What is the Islamic New Year—and how is it celebrated?

The arrival of a new crescent moon heralds the beginning of a sacred month—and a period of mourning and reflection for many Muslims.

When the new crescent moon appears on July 28, 2022, Muslims around the world will celebrate the beginning of the Islamic New Year, also called the Arabic or Hijrī New Year. For many Muslims, Muharram, the sacred month that kicks off each new year, is a time of mourning and reflection.

Here’s an introduction to the holiday—what you need to know about its origins, how it’s observed around the world, and why it occurs in the middle of July.

Origins of the lunar calendar

The Islamic New Year takes place during the first month of the Hijrī, or Muslim lunar calendar. Though majority-Islamic countries are governed by the solar Gregorian calendar, the lunar calendar is used to calculate the dates of religious feasts and important observances such as the Hajj pilgrimage. Because the Hijrī relies on the movements of the moon, the Muslim calendar has just 354 or 355 days, making it about 11 days shorter than the solar Gregorian calendar with 365 days (366 in leap years).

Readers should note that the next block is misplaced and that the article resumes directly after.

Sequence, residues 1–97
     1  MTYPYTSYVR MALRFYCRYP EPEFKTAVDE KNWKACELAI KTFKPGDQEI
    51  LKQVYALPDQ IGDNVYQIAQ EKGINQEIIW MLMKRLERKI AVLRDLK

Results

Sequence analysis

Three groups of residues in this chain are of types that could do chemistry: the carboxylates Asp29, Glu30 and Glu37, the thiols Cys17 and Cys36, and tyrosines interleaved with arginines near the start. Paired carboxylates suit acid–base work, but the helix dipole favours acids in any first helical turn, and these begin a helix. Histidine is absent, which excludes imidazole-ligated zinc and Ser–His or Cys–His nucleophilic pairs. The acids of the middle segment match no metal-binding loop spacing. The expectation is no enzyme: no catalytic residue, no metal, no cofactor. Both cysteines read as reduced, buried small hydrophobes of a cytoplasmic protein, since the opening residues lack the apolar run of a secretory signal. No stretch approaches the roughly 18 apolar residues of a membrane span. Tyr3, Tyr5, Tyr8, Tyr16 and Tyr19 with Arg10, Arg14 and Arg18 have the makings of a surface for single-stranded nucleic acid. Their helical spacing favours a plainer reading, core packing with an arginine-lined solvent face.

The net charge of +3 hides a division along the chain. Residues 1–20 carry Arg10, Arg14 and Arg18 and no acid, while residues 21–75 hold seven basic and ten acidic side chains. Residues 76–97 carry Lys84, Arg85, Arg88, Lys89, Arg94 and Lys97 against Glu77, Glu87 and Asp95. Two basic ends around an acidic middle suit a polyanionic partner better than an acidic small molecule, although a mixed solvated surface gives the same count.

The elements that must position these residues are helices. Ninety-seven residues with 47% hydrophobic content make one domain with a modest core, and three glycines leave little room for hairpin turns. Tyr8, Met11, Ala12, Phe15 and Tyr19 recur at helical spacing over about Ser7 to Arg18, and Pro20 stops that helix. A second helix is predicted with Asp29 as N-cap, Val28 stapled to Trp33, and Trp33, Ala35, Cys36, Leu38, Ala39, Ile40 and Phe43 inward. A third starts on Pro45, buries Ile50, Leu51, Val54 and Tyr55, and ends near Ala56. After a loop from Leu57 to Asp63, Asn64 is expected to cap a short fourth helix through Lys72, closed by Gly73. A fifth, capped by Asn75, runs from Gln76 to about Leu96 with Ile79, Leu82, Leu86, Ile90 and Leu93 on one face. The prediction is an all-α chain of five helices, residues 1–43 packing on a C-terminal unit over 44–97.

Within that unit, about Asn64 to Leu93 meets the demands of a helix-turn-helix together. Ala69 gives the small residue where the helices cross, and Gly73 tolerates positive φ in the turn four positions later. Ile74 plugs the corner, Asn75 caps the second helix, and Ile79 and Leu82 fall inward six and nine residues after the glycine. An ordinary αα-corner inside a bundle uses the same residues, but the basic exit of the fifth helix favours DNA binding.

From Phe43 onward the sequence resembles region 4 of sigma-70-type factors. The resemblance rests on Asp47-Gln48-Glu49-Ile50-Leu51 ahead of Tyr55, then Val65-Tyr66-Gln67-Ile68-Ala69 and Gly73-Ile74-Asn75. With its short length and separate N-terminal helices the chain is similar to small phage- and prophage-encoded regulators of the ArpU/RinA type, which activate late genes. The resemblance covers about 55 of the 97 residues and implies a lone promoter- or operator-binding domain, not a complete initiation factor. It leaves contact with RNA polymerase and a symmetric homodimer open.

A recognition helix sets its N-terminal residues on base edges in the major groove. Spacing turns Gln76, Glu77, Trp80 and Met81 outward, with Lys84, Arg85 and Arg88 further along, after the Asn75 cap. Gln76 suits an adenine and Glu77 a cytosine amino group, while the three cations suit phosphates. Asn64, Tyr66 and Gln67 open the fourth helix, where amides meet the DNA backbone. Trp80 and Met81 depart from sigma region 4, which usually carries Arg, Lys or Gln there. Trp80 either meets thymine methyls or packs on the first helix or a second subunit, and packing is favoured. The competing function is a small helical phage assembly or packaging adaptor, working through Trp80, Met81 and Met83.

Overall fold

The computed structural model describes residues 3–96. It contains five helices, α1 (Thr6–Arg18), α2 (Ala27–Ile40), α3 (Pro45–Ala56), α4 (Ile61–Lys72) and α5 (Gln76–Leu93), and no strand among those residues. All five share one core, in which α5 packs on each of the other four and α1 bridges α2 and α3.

Umar I, the second Muslim caliph, instituted the calendar in 639 C.E. as part of a broader attempt to standardize and organize Islamic life and traditions—and possibly so the calendar would stand apart from those used by other religions.

In the late 19th or early 20th century Iran, Shia Muslims mourn the death of Husayn ibn Ali, the grandson of the Prophet Muhammed who was killed at the Battle of Karbala in 680 C.E.PURCHASE GIFT OF LEONA SOUDAVAR IN MEMORY OF AHMAD SOUDAVAR, BRIDGEMAN IMAGES


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